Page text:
Tranquility & Mosaics in the Fourth Amendment: How Our Collective Interest in Constitutional Tranquility Renders Data Dragnets Like the NSA's Telephony Metadata Program a Search
38 Pages Posted: 12 Jan 2017
Date Written: October 1, 2015
For nearly 40 years, law enforcement officials have relied upon the third party doctrine, a tenet of Supreme Court jurisprudence holding that citizens have no privacy interests in information they voluntarily disclose to third parties, to legally monitor individual’s phone calls, bank accounts, and even private conversations without meeting the Fourth Amendment’s warrant or probable cause requirements. But recent revelations about the ability of government agents to utilize massive dragnets to mine “big data” have startled the public and led the judiciary to re-evaluate the soundness of the third party doctrine. Some have championed a “mosaic theory” of the Fourth Amendment, arguing that data dragnets constitute a search because, at some level, constant and ubiquitous monitoring paints such a detailed mosaic of one’s life that it triggers the Fourth Amendment’s requirements. But to become canonical, that theory must overcome a glaring arithmetic flaw–its claim that somehow, a massive quantity of non-searches can be tallied together to create a singular search. This flaw threatens to derail an otherwise promising retort to the third party doctrine that could limit government use of data dragnets.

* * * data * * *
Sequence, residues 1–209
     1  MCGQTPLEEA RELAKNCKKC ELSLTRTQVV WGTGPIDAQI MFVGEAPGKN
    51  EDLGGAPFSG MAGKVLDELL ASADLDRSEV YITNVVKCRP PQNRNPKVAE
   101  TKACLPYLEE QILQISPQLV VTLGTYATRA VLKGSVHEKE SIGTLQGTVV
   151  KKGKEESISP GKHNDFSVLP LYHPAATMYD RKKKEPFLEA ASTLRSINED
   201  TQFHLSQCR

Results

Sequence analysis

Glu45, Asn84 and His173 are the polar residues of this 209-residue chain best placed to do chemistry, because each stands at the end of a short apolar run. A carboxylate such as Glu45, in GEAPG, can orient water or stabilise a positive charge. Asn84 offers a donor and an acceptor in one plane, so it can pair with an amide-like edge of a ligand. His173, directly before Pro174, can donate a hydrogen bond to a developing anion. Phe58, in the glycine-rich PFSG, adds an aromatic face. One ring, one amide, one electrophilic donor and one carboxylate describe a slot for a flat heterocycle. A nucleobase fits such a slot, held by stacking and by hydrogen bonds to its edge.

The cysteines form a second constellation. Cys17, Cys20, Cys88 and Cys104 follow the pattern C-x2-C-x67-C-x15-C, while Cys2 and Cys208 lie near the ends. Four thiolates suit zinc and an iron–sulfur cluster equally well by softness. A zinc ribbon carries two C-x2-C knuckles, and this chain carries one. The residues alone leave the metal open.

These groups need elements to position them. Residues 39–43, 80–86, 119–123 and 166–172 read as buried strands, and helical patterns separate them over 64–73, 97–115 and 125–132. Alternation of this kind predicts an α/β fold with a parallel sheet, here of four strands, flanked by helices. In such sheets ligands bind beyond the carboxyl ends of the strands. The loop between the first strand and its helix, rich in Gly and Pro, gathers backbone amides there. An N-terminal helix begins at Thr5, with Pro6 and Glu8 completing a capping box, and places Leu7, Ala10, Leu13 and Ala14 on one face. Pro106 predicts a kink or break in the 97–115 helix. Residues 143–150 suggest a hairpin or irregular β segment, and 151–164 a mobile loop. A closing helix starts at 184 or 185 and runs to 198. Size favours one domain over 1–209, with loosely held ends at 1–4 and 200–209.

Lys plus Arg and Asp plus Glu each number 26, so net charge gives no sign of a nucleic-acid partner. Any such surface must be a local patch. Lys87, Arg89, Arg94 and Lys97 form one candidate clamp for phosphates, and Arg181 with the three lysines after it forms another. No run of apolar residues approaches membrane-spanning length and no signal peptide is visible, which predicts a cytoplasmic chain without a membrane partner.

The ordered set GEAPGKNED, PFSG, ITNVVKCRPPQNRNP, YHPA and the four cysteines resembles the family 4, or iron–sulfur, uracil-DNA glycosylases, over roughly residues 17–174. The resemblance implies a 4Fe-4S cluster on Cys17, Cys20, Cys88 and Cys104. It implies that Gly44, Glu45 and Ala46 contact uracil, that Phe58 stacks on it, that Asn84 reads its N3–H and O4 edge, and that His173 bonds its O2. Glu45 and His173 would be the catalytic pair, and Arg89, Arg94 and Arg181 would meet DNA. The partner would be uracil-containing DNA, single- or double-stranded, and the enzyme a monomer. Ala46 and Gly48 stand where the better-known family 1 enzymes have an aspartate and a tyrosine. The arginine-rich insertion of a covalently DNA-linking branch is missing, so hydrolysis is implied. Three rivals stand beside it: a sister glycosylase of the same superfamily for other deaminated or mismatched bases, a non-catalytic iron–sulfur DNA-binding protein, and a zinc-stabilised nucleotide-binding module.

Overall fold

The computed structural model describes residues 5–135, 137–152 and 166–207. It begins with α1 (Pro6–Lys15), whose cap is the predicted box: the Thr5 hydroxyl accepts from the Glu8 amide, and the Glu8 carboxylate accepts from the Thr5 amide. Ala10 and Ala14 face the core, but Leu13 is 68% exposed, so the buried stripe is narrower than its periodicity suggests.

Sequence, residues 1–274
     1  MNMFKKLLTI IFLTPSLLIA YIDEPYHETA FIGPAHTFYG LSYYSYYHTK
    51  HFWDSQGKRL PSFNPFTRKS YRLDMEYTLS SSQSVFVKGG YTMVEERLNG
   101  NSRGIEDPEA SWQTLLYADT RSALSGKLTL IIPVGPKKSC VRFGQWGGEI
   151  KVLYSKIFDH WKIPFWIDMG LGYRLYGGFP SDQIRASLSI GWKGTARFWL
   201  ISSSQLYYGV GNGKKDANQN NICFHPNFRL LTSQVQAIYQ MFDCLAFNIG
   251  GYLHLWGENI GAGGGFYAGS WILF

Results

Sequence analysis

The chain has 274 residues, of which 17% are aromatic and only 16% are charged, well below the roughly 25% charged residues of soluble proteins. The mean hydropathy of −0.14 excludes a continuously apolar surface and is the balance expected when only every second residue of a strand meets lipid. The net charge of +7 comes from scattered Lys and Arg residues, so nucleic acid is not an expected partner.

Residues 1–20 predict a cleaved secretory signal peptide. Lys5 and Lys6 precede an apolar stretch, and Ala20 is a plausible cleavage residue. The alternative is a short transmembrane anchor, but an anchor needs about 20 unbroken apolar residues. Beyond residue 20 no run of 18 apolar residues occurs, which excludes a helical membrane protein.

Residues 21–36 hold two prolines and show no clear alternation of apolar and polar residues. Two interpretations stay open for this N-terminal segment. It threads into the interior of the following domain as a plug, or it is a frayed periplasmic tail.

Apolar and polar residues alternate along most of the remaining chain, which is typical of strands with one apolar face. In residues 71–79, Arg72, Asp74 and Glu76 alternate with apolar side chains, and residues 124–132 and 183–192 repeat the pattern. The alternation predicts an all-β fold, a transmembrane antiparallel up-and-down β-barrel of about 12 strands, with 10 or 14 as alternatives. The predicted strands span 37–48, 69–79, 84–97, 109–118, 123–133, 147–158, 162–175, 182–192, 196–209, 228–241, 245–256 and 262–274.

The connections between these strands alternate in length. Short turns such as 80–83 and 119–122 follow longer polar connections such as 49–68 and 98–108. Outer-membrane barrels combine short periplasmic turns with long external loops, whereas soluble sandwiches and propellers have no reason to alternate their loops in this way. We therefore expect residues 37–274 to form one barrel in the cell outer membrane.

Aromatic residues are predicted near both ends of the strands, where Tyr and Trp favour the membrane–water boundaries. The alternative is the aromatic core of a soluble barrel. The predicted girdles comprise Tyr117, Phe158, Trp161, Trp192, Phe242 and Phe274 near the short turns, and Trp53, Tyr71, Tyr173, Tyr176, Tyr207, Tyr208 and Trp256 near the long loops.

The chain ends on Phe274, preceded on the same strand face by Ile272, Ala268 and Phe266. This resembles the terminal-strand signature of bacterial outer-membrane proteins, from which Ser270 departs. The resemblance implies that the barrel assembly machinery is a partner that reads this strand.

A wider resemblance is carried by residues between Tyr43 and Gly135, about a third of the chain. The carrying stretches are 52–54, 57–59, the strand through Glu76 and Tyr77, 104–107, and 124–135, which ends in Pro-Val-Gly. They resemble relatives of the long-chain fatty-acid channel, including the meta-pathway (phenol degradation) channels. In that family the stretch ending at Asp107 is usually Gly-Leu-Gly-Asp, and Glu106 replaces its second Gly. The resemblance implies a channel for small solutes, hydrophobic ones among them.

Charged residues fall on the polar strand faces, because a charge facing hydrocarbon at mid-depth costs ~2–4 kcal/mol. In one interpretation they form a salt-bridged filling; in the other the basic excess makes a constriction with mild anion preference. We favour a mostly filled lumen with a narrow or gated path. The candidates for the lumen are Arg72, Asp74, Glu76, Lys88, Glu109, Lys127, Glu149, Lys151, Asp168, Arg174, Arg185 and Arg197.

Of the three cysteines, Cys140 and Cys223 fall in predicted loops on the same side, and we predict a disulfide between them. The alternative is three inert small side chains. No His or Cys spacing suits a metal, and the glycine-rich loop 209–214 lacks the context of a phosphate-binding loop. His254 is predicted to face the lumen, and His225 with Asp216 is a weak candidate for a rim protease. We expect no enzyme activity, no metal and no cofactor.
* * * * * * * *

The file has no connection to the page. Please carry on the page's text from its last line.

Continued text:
This Article uses the concept of constitutional tranquility to present a solution to that flaw in the mosaic theory. Rather than suggest judges can mystically divine what quantum of data is simply too much to be collected without a warrant, I propose augmenting the mosaic theory by relying upon a distinct constitutional interest shared by the subjects of such broad data dragnets. There is a joint Fourth Amendment interest in constitutional tranquility, an interest woven throughout the Constitution that is also an implied precondition of Justice Brandeis’s expression of the Fourth Amendment’s primary aim — to protect citizens’ “right to be let alone.” Constitutional tranquility implies citizens’ freedom from undue government harassment even if, in intruding upon it, the government never accesses anything truly “private” and keeps its activities wholly covert. While data dragnets simply accumulate millions of non-invasions of privacy, each time the government captures a data point it commits a greater-than-zero infringement upon constitutional tranquility. Those actions in the aggregate can be a search.
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